Please visit the Instructions for Authors page before submitting a manuscript. The Article Processing Charge (APC) for publication in this open access journal is 2000 CHF (Swiss Francs). Submitted papers should be well formatted and use good English. Authors may use MDPI's English editing service prior to publication or during author revisions.

Keywords

  • Sensors
  • Photonics
  • Plasmonics
  • Nanomaterials
  • Liquid crystals
  • Optofluidics
  • Security
  • Optical fiber sensors
  • Environmental monitoring

Published Papers (9 papers)

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Research

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Open AccessFeature PaperArticle
Characterization of Graphite Oxide and Reduced Graphene Oxide Obtained from Different Graphite Precursors and Oxidized by Different Methods Using Raman Spectroscopy Statistical Analysis
Materials 2021, 14(4), 769; https://doi.org/10.3390/ma14040769 - 06 Feb 2021
Viewed by 439
Abstract
In this paper, various graphite oxide (GO) and reduced graphene oxide (rGO) preparation methods are analyzed. The obtained materials differed in their properties, including (among others) their oxygen contents. The chemical and structural properties of graphite, graphite oxides, and reduced graphene oxides were [...] Read more.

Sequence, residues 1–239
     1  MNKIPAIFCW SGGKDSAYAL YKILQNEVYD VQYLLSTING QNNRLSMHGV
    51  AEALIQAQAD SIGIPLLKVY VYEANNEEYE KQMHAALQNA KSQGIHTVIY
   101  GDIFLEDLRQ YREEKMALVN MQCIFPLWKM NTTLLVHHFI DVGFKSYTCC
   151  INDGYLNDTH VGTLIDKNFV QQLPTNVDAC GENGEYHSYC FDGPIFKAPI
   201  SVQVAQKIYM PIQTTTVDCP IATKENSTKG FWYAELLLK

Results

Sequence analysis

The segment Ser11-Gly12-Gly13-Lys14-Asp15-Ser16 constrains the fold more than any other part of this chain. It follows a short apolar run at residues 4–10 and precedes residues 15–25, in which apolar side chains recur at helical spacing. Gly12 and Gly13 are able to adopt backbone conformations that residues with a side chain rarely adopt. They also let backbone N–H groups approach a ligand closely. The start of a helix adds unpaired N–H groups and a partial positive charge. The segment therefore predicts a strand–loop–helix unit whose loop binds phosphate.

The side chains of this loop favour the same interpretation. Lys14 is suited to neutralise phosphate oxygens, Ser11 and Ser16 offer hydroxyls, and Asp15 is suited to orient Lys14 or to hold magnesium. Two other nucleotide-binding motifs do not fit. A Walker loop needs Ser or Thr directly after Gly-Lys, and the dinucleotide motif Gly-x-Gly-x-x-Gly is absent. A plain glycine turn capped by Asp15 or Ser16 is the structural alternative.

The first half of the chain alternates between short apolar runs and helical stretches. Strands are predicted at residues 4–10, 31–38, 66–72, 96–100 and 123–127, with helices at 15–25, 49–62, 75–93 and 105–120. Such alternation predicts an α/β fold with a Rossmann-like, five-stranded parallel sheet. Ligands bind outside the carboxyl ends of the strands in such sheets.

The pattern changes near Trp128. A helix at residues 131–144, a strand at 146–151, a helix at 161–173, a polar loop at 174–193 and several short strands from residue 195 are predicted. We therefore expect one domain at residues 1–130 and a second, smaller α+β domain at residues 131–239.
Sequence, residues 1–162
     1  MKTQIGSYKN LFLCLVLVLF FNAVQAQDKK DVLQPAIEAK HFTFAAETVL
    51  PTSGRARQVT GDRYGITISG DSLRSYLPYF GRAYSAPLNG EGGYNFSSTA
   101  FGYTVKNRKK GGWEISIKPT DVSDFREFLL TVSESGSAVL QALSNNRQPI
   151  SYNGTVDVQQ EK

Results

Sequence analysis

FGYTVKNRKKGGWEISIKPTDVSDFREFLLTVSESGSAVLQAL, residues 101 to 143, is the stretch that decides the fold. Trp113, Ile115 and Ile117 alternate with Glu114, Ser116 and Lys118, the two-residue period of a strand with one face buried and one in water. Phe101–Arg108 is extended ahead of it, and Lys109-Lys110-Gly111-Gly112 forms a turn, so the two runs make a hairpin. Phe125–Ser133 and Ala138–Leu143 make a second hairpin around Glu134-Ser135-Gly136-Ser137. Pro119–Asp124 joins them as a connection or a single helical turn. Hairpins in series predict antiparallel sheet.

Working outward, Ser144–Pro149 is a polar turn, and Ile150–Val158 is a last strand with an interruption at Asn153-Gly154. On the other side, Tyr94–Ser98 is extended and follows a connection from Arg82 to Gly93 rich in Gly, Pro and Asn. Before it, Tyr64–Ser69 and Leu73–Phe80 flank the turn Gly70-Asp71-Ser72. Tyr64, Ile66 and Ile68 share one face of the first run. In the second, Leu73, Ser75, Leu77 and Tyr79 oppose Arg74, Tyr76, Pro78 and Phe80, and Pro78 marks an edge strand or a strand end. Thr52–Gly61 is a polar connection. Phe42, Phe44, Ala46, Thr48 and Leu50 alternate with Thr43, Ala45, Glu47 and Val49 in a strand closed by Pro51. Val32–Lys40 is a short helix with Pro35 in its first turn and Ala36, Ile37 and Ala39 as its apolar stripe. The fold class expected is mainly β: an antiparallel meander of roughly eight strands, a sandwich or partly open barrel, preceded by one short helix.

In this paper, various graphite oxide (GO) and reduced graphene oxide (rGO) preparation methods are analyzed. The obtained materials differed in their properties, including (among others) their oxygen contents. The chemical and structural properties of graphite, graphite oxides, and reduced graphene oxides were previously investigated using Raman spectroscopy (RS), X-ray photoelectron spectroscopy (XPS), and X-ray diffraction (XRD). In this paper, hierarchical clustering analysis (HCA) and analysis of variance (ANOVA) were used to trace the directions of changes of the selected parameters relative to a preparation method of such oxides. We showed that the oxidation methods affected the physicochemical properties of the final products. The aim of the research was the statistical analysis of the selected properties in order to use this information to design graphene oxide materials with properties relevant for specific applications (i.e., in gas sensors). Full article
(This article belongs to the Special Issue Recent Advances in Photonic Sensors)
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Open AccessArticle
Thermo-Optical Switching Effect Based on a Tapered Optical Fiber and Higher Alkanes Doped with ZnS:Mn
Materials 2020, 13(21), 5044; https://doi.org/10.3390/ma13215044 - 09 Nov 2020
Viewed by 428
Abstract
The paper investigates the effect of thermo-optic switching resulting from the hybrid combination of a tapered optical fiber (TOF) with alkanes doped with nanoparticles of zinc sulfide doped with manganese (ZnS:Mn NP). Presented measurements focused on controlling losses in an optical fiber by [...] Read more.